June 2012 Saratoga, CA -
The last two years my long ant trail has not come back. I walk in the morning but I don't see them to step over. I don't know where they are walking now, but it's not where I walk. A month or so ago I felt the need for an ant fix and walked across the street to see if my old friends were still there. A few years back I stood, unknowingly, in a four inch wide exodus of ants. The were traveling between an expansion joint in the sidewalk and a nearby oak tree. I walked the big trail the other direction and found that this four inch wide phalanx of ants was moving between one oak and the next. Many, many, many ants in both directions. I was interested, but it was late at night (we were out hunting down owl sounds with B & G) and I didn't have time to play.
This time it was late afternoon and there were only a few ants hanging out. One here, one there, but no super highway. I could, however, see the cleared path from the oak tree to the sidewalk. A casual scan would miss it, but look closely and you can see where all the little litter of the ground has been moved away from their path. A bit like lines on the Nazca plains. The path is there so clearly they are still active. I waited for the sun to begin to set and walked across the street again. This time I found an active group of ants just on the dirt side of the sidewalk where the trail to the oak begins - or ends. The ants were quite agitated, but they did not trail off toward the first oak (tree nest 1 in the photo below).
That evening I decided to follow the path in the other direction again. It was an active trail, but only a few ants were on it. It went to the street side of the expansion joint and headed west. I was expecting to see the trail lead to the second oak (tree nest 2) but no. This time the trail passed the second oak and continued west. (Is the second tree nest abandoned?) Another expansion joint had a lot of activity - perhaps another nest - and the trail thinned there, but continued. I followed it along the street gutter to a point where the ants came up, over the sidewalk south again, and into the dirt. It took a bit of bent over sleuthing to find that this slight trail ended in the third oak! Check out the landmarks:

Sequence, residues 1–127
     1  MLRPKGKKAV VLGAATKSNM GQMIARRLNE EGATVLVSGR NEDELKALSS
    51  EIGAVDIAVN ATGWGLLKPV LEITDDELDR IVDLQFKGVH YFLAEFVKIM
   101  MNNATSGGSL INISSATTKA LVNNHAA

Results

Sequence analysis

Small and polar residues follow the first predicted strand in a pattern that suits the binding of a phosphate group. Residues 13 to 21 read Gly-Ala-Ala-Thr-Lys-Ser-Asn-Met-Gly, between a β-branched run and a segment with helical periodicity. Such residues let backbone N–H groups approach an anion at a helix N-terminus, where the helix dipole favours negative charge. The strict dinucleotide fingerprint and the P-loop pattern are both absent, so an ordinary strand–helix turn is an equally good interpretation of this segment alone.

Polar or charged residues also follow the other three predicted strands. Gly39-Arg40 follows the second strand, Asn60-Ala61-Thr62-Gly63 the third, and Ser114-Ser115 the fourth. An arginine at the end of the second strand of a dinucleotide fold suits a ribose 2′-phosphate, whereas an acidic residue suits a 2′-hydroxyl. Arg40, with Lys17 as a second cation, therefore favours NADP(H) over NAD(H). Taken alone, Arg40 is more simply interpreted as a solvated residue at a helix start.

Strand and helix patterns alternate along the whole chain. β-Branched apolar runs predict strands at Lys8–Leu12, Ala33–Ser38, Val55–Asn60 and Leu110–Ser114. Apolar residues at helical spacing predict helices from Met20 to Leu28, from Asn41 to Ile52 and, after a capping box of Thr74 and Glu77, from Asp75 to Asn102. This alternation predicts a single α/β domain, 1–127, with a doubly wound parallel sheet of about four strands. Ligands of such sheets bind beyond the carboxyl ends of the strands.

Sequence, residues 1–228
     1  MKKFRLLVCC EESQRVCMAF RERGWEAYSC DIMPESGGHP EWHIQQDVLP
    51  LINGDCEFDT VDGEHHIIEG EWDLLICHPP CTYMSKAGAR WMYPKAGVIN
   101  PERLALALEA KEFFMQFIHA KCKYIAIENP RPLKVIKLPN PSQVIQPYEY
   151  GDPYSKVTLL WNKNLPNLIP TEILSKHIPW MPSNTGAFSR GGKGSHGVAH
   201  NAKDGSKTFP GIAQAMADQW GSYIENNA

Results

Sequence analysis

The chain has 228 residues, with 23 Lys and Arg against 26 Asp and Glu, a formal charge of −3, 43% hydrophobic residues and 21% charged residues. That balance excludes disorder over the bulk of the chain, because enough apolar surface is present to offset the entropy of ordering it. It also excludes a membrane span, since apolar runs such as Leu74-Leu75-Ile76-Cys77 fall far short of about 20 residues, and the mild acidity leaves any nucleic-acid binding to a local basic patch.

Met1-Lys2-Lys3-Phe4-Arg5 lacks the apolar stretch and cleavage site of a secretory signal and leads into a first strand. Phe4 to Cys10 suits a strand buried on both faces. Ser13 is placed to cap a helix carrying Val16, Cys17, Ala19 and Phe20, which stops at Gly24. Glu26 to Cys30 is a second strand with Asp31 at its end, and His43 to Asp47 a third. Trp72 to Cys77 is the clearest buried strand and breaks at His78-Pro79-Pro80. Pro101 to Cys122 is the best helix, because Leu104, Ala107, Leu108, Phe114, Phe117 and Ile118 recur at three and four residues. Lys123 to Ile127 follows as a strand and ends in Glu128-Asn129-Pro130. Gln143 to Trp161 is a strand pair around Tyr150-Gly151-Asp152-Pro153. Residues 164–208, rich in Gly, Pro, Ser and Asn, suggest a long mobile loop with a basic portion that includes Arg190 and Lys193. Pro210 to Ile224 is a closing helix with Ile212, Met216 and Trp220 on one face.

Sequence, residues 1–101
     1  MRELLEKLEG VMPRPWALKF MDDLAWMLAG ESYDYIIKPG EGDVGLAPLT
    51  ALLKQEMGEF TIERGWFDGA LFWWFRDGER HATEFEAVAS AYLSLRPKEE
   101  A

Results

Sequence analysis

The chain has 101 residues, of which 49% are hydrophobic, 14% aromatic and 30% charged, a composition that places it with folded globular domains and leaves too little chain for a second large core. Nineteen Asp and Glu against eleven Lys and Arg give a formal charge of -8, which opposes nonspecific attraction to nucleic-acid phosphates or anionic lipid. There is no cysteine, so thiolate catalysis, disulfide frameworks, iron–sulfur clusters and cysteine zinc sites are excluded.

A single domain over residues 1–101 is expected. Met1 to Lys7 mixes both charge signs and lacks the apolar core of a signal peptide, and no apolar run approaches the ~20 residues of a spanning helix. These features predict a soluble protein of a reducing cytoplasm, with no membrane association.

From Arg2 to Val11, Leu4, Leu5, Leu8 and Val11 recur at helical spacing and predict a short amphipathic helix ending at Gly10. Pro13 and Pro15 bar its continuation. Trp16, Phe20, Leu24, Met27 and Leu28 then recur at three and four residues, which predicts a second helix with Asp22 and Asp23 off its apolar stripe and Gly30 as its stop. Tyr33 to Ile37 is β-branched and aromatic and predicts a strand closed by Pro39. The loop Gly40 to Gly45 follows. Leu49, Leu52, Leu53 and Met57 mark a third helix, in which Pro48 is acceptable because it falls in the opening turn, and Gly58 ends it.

Today I headed back to the ants. I wanted to see how the sidewalk nest and tree nest 1 get connected. It was a warm evening with no wind. It was 7pm and the sun was low enough to rake across the dirt. Ants at the dirt side of the sidewalk path were out and about, but wandering more than trailing. They covered a fan shape about six feet in length, with the main axis on the trail to tree nest 1 and the apex where the sidewalk expansion joint meets the dirt.
On the tree side the ants were active, but staying on the tree. They moved up and down and all around, but didn't leave the tree. I waited.
Over the next quarter hour the sidewalk side slowly grew the length of the fan out to about 8 feet, while narrowing the lateral width. Clearly they are moving towards the tree, but in a lazy way. On the tree side more ants are appearing lower down the tree, but still no one is leaving the tree.